[LINK] privacy invasion
Lea de Groot
lealink at viking.org.au
Sun Sep 27 09:06:33 AEST 2009
On 26/09/2009, at 1:50 AM, stephen at melbpc.org.au wrote:
> Wonder if Bernie knows and approves of 'BF2.jpg' being used like this?
I think what is actually happening here is that the tracking service
is also the mail delivery service, so they are supplying all images
through their services.
They only need *one* image to do the tracking - any more makes no
difference, but they have a technology for image delivery, so it gets
used on all the images.
I think it is also important to remember that individual tracking
would be... unusual under this sort of setup.
The point is to get aggregate data about opening and follow rates.
Without reading up on the specifics of this particular supplier, most
of these services don't offer the ability to track a particular IP.
and, indeed, generally there isn't a link between the IP and your
email account, so they aren't tracking *you*, they are tracking the
subscribers as a group.
Its not dissimilar to how a web server logs all visits as an automatic
pat of its operations, in philosophy.
Sure, you can see how every individual visit goes through the site,
and its possible (but pretty boring) to track a given visitor over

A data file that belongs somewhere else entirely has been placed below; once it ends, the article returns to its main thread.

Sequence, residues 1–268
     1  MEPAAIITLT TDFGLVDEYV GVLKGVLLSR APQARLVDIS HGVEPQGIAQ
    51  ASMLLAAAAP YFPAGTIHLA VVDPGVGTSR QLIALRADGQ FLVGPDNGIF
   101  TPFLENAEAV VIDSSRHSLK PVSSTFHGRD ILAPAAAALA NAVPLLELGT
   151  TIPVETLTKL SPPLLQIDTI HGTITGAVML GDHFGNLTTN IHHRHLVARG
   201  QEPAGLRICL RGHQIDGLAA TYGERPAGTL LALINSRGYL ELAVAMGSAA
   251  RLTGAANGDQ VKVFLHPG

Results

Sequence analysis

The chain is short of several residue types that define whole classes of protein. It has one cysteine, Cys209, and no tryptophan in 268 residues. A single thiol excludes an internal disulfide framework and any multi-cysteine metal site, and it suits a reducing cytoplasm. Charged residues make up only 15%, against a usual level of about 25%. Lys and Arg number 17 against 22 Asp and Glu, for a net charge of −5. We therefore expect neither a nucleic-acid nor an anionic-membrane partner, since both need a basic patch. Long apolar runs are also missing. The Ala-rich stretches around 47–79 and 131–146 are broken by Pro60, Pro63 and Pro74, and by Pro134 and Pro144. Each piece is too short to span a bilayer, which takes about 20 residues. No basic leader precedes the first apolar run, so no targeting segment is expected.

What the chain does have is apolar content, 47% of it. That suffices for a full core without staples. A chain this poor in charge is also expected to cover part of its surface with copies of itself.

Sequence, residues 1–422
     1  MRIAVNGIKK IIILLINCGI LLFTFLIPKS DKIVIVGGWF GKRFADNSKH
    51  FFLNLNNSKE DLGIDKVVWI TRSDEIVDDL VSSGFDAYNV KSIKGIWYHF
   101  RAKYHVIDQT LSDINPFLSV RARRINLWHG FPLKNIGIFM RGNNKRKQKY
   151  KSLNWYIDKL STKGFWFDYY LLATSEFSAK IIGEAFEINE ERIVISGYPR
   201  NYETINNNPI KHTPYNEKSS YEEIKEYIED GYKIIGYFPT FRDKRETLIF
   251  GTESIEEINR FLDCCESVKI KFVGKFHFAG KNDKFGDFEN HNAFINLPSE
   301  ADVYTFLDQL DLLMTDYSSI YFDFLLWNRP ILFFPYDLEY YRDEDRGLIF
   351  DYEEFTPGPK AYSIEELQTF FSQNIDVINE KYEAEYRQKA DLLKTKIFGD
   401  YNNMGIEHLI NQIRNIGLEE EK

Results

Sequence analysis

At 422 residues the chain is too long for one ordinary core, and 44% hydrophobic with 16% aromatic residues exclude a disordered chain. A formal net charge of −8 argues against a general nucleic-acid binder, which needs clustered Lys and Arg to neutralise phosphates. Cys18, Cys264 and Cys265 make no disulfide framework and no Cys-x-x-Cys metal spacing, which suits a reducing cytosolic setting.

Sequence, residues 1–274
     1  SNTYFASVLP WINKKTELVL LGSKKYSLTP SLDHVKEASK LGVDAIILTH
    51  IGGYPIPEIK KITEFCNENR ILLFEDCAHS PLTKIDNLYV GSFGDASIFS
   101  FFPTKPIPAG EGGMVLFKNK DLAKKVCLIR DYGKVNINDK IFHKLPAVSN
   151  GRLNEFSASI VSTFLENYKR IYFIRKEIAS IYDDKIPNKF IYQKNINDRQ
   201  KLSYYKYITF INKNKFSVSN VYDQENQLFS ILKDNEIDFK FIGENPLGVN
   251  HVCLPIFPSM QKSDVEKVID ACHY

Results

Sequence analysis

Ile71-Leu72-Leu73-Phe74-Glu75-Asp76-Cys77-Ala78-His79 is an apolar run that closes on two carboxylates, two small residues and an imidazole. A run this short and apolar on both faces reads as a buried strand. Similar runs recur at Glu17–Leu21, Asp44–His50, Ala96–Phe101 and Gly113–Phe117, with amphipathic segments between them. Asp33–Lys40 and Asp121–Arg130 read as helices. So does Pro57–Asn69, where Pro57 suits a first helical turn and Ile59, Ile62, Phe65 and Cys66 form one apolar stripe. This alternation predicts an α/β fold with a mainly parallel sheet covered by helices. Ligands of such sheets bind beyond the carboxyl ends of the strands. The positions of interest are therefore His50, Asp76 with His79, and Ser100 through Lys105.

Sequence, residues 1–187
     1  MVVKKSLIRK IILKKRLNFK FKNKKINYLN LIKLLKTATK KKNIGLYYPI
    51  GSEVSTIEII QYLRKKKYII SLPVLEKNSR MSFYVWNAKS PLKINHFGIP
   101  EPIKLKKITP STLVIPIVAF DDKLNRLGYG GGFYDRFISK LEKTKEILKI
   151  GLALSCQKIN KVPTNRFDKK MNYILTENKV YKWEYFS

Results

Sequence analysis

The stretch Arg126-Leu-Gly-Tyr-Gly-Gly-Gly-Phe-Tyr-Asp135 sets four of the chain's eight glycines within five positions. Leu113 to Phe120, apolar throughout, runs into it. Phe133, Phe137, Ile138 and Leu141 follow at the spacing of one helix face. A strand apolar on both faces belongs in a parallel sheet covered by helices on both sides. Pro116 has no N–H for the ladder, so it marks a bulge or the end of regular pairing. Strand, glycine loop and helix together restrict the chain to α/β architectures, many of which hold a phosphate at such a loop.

time. But unless the visitor gives you identifying details, you can't
tell who they are.
If the original group you are receiving email from recants this stuff
there usually isn't a privacy issue with this, its more like the local
supermarket counting people who come into the centre.
I block external images in my email, but thats because it wastes bw
and graphics annoy me in a text medium. I have a nice button to turn
them back on when I want or need to.
~ disclaimer: I haven't actually run an email campaign like this, but
I probably will at some point, and I will tracking my opening stats as
part of figuring out whether I am meeting my subscribers needs or
not, not to peer on individual subscribers.
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